COVID-19 Home Hacks: Passing the Litmus Test Called Winter

Arguably, of all seasons, winter is the harshest. While you could be grumbling about all the snow on your front porch and on your roof, some people have it even worse. A New York Times article dubbed the winter as the “deadliest of the four seasons”. The report showed that of the over 2,000 Americans who perish due to the weather, 63% succumbed to extreme cold and hypothermia. Only about 31% were killed due to extreme heat. The rest died of other natural causes: lightning, floods, and storms.

What does all this mean? You may not like it but you’ll have to protect yourself from the torments of winter. Think of it as a litmus test. Winter, for sure, isn’t lasting. Making your home withstand the cold means prepping it for eventualities. The problem is exhibiting lax behavior. Many Americans do. The virus surge made us all aware of that. Know then that this winter the challenges have skyrocketed more than ever. Not only are you up against the winter, we still have a deadly virus to contend with.

Surviving the COVID-19-complicated Flu Season

Things could certainly add up. And if America’s response to the COVID-19 scare were to be used as a barometer, this sweater weather may rack up to be the worst winter ever.

Why? First up, we are a country already burdened by over 200,000 deaths due to the coronavirus. Take note, that’s a number rising steadily daily. Put in the mix the flu season. Now let’s not talk about the Spanish flu. That was a mega-problem all its own. Let’s just focus on the regular flu that visits us yearly during the cold winter months.

You may not believe it but flu and all its complications have resulted in thousands of lives lost in America. CDC data revealed that over 80,000 people died in 2017 due to the flu. That’s rather high and is not the usual. Still, it happened.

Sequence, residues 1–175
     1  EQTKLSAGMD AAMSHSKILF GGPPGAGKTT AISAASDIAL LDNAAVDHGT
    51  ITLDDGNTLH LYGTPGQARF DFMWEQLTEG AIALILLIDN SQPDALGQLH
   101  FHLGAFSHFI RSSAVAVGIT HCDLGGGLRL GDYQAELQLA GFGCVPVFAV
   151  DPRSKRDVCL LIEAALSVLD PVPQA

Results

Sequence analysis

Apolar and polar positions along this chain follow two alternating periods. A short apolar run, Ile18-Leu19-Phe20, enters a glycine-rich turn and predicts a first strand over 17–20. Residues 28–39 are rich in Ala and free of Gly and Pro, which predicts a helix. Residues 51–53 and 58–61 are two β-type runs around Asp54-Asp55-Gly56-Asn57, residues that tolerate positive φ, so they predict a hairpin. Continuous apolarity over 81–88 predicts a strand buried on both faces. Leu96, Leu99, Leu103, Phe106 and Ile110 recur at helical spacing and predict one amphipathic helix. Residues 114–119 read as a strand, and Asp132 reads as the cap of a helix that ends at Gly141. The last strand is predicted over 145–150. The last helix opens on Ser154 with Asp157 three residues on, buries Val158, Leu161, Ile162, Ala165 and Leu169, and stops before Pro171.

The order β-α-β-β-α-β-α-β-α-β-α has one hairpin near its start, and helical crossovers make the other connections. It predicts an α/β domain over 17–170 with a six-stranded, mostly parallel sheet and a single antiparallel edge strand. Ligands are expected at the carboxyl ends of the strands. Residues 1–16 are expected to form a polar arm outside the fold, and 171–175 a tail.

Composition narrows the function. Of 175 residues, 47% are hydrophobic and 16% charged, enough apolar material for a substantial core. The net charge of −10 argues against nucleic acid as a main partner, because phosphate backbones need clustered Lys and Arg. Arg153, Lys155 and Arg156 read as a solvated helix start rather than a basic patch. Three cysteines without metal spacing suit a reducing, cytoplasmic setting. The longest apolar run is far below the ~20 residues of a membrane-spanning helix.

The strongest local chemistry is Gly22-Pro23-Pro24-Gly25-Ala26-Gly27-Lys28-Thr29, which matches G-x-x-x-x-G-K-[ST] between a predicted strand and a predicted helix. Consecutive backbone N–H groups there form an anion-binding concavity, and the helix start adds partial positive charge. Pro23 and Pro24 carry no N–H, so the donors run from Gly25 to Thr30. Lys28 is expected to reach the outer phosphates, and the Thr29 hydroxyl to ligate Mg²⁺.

The cold, cold weather has a lot of ways to negatively affect us. Heavy snow for one can easily make roads unpassable. The Great Lakes and Midwest region are most vulnerable.

If you’re not careful, you could get frostbite. This could damage some body parts starting with your ears and cheeks. Blisters form and you will find it hard moving about.

Then there is the case of hypothermia. This is when your body temperature drops below 35˚C/95˚F levels. Your body fails to create the heat needed for it to function. It could lead to death.

Cleaning your front porch with a shovel can be an issue too. Yes, many people have died while doing just that. The answer is it strains your heart. A half-hour of shoveling is like lifting weights in the gym for half an hour. As you shovel in the cold, your heart rate together with your blood pressure rises. This triggers the hard plaques lining your blood vessel to come loose. In short, a heart attack ensues.

Strengthening Your Home

As cold as the weather outside, maintaining warmth in your abode is a must. Your heating system should be in tip-top shape to keep you warm inside. On the other end, you will need your air conditioner to be functional too.

You might be surprised about using the AC during winter. Know that running it can help dehumidify your indoor air, keeping your windows as clear as day. Additionally, a heat pump aircon unit can also function as a heating unit. Just connect it to an outside heat source.

It’s for this reason and more that an AC tune-up is a blessing. It ensures that your air conditioner functions best when you need it most.

Then there is the case of winter-proofing your home. To do that, you need to do an energy audit. Warm air rises upwards. So if your roof has holes, be in the vents or what-not, your precious warm air escapes.

And it’s but timely. An energy audit can be done at any time of the year but the winter months offer a most timely opportunity. That’s because the discrepancy between the temperature outside and inside is wide. You can check energy loss better when you do a thermographic scan.

As for movement, make sure you get to protect yourself when running up and about. There are ways you can bring warmth to you. Best of all, it doesn’t need to be much. A below $25 electric scarf is classic.

Keeping warm is key to surviving the harsh winter. To do that, you need to make sure heat stays with you inside and outside your precious abode. It’s a tall order. But it can’t be that hard when you keep in mind there are simple steps you can do to keep everyone safe and sound.

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